Count IV. Plaintiff Bruce Williams claims that the Embarras River "* * * is unique economically, ecologically, aesthetically and recreationally and constitutes a valuable asset of the people of the State of Illinois, is irreplaceable, and constitutes part of the healthful environment of the people * * * including plaintiff." That plaintiff has "as a citizen of Illinois, a general property right to and interest in a healthful environment which includes preservation of the Embarras River as it presently exists generally and a particular right and interest because plaintiff hunts game and wildlife whose survival * * * is dependent entirely upon continued existence of the said river as it presently exists and because plaintiff will not be able to continue said activities of recreation if defendants act as they are planning to * * *."
Count V. Plaintiff Bruce Williams alleges that the property rights and interests (described in Count IV, supra) are within the protection of the Environmental Control Act of Illinois (Ill. Rev. Stat. 1971, ch. 111 1/2, sec. 1001 et seq.) and that defendants have failed to comply with the provisions of the Act and threaten future lack of compliance.
Count VI. Plaintiff Bruce Williams alleges that his property rights (described in the above summary of Count IV) cannot be destroyed, modified or damaged without either consultation with the plaintiff or a valid adjudication by a court of competent jurisdiction that defendants may so act with proper legal authority.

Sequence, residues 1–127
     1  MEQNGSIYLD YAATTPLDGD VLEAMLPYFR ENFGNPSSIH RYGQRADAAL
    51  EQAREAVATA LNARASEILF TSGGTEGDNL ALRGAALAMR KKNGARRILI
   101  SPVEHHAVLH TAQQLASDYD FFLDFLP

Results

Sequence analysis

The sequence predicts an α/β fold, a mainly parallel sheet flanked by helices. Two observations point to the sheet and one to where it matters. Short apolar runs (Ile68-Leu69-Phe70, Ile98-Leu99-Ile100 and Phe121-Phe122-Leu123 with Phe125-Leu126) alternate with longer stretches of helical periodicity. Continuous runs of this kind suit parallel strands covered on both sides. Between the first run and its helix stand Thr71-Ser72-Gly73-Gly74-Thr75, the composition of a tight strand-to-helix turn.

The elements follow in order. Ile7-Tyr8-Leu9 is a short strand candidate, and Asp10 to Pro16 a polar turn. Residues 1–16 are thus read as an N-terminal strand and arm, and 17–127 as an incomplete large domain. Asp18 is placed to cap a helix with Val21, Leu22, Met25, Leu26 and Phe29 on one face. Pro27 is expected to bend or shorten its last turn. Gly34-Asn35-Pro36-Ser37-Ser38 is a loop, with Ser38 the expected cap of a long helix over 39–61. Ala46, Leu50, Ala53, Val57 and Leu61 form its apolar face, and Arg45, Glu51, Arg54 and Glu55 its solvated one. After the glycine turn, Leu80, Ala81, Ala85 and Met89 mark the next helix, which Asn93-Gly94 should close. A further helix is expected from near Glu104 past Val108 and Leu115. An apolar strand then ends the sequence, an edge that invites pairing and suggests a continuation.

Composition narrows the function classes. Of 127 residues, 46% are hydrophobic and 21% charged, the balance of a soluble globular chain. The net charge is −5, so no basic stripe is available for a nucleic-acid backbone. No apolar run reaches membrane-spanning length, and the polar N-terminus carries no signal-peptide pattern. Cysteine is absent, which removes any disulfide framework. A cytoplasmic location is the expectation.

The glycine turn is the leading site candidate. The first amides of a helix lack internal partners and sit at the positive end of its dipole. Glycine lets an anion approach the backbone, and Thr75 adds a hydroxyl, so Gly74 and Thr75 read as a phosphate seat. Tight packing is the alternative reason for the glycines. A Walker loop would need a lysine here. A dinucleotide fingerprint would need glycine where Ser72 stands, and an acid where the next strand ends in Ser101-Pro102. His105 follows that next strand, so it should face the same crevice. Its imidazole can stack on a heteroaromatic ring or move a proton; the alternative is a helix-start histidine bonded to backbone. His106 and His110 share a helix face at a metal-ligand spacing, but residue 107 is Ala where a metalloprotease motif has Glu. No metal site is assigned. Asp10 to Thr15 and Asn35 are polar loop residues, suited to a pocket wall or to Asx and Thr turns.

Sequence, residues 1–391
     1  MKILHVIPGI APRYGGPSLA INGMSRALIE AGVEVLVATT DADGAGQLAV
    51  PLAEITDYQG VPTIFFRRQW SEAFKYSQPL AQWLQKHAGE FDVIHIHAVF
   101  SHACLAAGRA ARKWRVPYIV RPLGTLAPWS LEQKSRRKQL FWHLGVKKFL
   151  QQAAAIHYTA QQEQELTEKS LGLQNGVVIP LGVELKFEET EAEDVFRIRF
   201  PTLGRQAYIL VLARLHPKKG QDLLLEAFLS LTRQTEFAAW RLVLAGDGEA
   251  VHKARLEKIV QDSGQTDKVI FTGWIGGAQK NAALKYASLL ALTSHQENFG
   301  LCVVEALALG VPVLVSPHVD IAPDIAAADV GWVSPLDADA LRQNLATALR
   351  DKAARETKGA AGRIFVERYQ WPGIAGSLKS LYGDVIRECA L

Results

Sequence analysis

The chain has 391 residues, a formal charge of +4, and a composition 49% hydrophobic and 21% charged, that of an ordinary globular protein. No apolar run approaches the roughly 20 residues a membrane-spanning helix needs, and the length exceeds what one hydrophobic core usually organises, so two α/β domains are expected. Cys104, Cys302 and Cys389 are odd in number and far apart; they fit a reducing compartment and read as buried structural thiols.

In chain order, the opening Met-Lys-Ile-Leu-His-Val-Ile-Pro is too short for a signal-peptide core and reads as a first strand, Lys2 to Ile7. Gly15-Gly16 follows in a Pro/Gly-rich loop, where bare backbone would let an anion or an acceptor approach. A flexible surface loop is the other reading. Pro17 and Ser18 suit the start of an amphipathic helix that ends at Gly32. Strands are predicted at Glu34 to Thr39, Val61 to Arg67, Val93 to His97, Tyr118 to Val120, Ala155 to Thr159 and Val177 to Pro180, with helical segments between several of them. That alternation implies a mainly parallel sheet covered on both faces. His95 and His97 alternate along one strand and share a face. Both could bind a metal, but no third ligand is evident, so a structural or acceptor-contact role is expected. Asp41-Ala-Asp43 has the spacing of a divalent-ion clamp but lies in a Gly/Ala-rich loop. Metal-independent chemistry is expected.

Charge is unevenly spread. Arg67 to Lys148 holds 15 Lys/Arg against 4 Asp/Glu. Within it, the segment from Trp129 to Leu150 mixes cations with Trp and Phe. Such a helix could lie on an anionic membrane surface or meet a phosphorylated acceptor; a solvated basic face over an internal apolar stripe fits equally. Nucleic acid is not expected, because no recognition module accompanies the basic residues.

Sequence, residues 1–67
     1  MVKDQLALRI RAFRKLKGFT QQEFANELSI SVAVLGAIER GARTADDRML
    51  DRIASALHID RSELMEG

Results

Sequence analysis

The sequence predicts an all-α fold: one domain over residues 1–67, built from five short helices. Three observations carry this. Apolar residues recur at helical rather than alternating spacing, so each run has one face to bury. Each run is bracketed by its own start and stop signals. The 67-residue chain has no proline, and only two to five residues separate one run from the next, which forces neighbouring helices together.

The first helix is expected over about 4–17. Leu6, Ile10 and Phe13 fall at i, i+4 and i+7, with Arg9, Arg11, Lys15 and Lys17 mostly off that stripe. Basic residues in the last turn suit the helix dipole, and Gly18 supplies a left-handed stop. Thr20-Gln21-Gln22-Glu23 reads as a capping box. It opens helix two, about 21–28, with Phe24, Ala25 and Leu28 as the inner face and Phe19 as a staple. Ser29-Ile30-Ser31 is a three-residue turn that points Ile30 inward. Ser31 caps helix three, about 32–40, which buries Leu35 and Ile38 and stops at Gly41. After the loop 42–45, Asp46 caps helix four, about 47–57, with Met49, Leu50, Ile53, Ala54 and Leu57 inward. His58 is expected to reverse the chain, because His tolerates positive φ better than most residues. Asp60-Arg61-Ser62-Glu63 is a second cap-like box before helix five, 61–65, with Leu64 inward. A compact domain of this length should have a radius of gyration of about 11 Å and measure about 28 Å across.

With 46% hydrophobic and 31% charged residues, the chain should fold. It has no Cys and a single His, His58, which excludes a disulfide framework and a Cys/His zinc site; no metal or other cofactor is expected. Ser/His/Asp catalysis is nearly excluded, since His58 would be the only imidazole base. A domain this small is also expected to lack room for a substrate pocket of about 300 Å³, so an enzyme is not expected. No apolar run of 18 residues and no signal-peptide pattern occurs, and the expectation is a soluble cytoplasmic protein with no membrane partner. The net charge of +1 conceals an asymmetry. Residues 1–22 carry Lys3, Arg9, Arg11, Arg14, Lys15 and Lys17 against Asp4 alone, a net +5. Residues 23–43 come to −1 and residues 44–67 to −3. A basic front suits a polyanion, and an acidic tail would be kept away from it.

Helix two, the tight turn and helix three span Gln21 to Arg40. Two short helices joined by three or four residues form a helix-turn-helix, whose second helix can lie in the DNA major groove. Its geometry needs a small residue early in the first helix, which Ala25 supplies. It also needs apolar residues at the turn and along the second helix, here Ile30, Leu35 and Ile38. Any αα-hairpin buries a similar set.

Count VII. Plaintiff John Warfel alleges that if the agreements are signed and the reservoir constructed the drain tiles on his lands will be artificially flooded, thus rendered inoperable, with resulting crop damage and diminished value of the lands. He also alleges (as plaintiff Scattering Fork alleged in Count III of the complaint) that under the agreements in question the State of Illinois would be required to insulate the Federal Government from water claim damage caused by construction of the project and that same agreements limit the liability of the State of Illinois to this plaintiff to the amount of compensation authorized by the Congress of the United States which is allegedly less than the amount allowable under Illinois law.
Count VIII. Plaintiff John Warfel alleges that his property cannot be subjected to taking, alteration, modification or damage without his consent.
Count IX. Plaintiff John Warfel alleges that his property cannot be taken, damaged, etc., without consulting him or, in the alternative, without a court adjudication that the defendants or other persons or entities have legal authority to so act.
We agree with defendants that the grounds for relief relied upon by plaintiffs fall within four general propositions.
The first proposition is that before defendants enter into agreements with the Federal government for the construction of Lincoln Reservoir they must obtain the consent of plaintiffs or secure court adjudication establishing their legal authority to so act.
Plaintiff Scattering Fork Drainage District, in support of this proposition, cites the following sections of the Drainage Code (Ill. Rev. Stat. 1971, ch. 42):
12-7. This section makes it a misdemeanor to wilfully obstruct, injure or destroy any covered drain constructed through the lands of others or any other drain, levee, drainage structure or pumping plant, whether private, mutual or district. It further provides that anyone who wilfully cuts or breaches any private mutual or district levee is guilty of a felony. Fines and imprisonment for the commission of these offenses are specified in the statute. This section also provides for the recovery of civil damages resulting from commission of the prohibited acts.